I won't lie. I was devastated by the Leave victory. On 24th June 2016 I felt bereaved. Brexiters berated me: I didn't have confidence my country they scoffed. Cheer up! It was a great day of liberation, we could be great again. If I didn't see that I was doing the country down.


I was now part of the problem they had just voted away.

I didn't understand it then. I don't understand it now. I lost all my Brexit supporting friends. I was a member of a different tribe, seen by them as an educated Europophile, one of the experts or elite, not one of them. They were the victors. They did it for their kids. It was their turn now, not mine.

What had they won? They didn't know. Some vague freedom or regained sovereignty, but they couldn't give any tangible examples. What had they lost? Nothing. The EU had given them no benefits the UK alone couldn't provide. By definition, because I had gained from EU membership, I was now part of the problem they had just voted away.

If they didn't feel any loss, my loss didn't matter. I was on the losing side and my views no longer counted for anything. The referendum win meant they were right. So many people couldn't be wrong. Could they? My daughter thought so. She posted a link to the results of the 1933 election in Germany to a gloating Brexiter asking if he thought those 17 million had been right too. He blocked her. 

On 25th June I was giving a talk at my old university, representing my company. The university students were in shock. The prepared talks on careers and job opportunities were from a previous world. Some of the recent graduates had just seen their career plans potentially ruined. Everyone was trying to be positive but finding it difficult. It seemed like a victory for ignorance and lies and any attempt to argue was rebuffed with accusations of arrogance and elitism. Arguement was closed down.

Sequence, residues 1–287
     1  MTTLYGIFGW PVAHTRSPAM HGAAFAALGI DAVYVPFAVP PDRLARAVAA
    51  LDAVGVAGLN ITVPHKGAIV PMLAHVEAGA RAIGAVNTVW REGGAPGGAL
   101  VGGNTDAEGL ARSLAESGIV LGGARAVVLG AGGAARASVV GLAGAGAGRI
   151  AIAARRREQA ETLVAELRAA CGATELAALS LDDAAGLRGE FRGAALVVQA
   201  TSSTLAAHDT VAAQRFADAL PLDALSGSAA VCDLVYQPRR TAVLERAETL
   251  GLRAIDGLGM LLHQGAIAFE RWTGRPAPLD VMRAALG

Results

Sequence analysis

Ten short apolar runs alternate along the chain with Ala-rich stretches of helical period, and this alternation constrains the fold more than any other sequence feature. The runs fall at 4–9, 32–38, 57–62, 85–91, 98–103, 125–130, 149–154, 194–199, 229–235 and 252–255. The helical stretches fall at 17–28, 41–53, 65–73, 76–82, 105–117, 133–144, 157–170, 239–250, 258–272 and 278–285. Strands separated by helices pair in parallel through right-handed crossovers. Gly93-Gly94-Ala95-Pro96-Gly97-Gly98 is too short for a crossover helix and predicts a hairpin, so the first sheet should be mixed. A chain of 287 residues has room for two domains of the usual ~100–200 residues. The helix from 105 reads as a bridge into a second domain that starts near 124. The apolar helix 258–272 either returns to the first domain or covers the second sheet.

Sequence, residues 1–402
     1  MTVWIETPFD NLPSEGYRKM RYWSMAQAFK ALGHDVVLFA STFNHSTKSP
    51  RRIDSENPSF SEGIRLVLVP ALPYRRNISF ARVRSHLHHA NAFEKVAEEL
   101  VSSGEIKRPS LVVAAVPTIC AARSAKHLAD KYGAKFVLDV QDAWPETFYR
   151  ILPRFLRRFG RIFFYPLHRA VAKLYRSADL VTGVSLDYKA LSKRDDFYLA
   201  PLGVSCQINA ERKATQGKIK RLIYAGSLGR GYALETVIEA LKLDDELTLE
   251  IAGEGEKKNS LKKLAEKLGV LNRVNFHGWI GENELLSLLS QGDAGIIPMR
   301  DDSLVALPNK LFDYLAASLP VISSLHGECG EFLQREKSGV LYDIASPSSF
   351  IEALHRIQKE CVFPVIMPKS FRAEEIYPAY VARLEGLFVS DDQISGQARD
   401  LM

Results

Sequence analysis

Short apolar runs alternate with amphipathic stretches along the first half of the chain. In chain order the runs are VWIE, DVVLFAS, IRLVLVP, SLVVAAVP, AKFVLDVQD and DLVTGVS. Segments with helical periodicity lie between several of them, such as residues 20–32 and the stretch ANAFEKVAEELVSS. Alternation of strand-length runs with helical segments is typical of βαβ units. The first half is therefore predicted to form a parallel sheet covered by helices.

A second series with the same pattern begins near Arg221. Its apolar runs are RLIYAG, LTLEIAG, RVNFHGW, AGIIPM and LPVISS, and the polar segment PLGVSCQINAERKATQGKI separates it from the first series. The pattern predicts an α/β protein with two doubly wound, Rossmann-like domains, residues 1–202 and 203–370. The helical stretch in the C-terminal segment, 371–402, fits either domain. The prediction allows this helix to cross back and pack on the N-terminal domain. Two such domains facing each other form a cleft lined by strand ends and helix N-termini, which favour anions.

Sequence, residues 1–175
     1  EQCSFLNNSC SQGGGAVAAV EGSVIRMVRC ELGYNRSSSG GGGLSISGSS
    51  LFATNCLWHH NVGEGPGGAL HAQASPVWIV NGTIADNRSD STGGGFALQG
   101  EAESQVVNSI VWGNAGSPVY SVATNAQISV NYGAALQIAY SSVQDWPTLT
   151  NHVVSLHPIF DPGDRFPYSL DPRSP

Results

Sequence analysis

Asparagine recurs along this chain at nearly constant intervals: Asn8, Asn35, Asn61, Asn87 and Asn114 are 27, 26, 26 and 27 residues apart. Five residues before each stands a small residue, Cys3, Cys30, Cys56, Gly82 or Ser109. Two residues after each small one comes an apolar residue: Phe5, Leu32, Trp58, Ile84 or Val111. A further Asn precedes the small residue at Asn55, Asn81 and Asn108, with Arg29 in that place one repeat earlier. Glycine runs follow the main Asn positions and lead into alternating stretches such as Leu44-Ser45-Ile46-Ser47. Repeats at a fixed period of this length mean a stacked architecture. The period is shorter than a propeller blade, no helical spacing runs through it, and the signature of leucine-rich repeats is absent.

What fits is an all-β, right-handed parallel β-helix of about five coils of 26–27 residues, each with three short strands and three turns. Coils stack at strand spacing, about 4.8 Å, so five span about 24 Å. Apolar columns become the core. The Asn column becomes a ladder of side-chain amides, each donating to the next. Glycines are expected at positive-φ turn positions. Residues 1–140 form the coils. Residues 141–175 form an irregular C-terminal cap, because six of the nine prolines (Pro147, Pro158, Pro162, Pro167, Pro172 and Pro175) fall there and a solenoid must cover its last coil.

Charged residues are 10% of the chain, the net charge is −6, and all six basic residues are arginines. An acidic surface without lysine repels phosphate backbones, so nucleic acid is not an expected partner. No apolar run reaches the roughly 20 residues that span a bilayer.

Exercise and the outdoors were my only solice

So how to survive, living here in the midst of Brexit land?

I tried many things. Arguing on Twitter: made it worse! Writing to my MP: worse than Twitter. Crying into my pillow just gave me a headache. I couldn't sleep. Exercise and the outdoors were my only solice.

Walking and talking with my husband made me feel better. Together we started to learn about trees and birds and the history of the local country park. Or I should say, relearn what I had learned many years ago from my grandfather.

My roots are in this area. As we walked the footpaths I tried to connect with my predecessors and imagine what it was like in their day. They would have seen some of the same trees, the same walls, buildings and tracks. I suppose the Brexiters would have approved. Retreating to an imagined past world, but mainly a world of nature.

As we walked more and more we discovered hidden delights close to home we had not previously noticed. We slowed down, did less running and more walking, we saw more. 

The trees have survived centuries, the migratory birds needed no visas, the buzzards could still soar magnificently overhead, the flowers still bloomed and the pond was teaming with frogs. Untroubled by Brexit the natural world around us was continuing. This was our respite from Brexit and its impact on our identiy, our finances (immediate and expensive) and our work (in a UK based European HQ).

Our garden needed work. We would reclaim it from the weeds and brambles and grow vegetables and meadow flowers. We would plant trees for our great grandchildren to enjoy.

This then will be the theme of "Rooted to the Spot". Our experience with the ups and downs of surviving Brexit and our reconnection with our local suroundings.  






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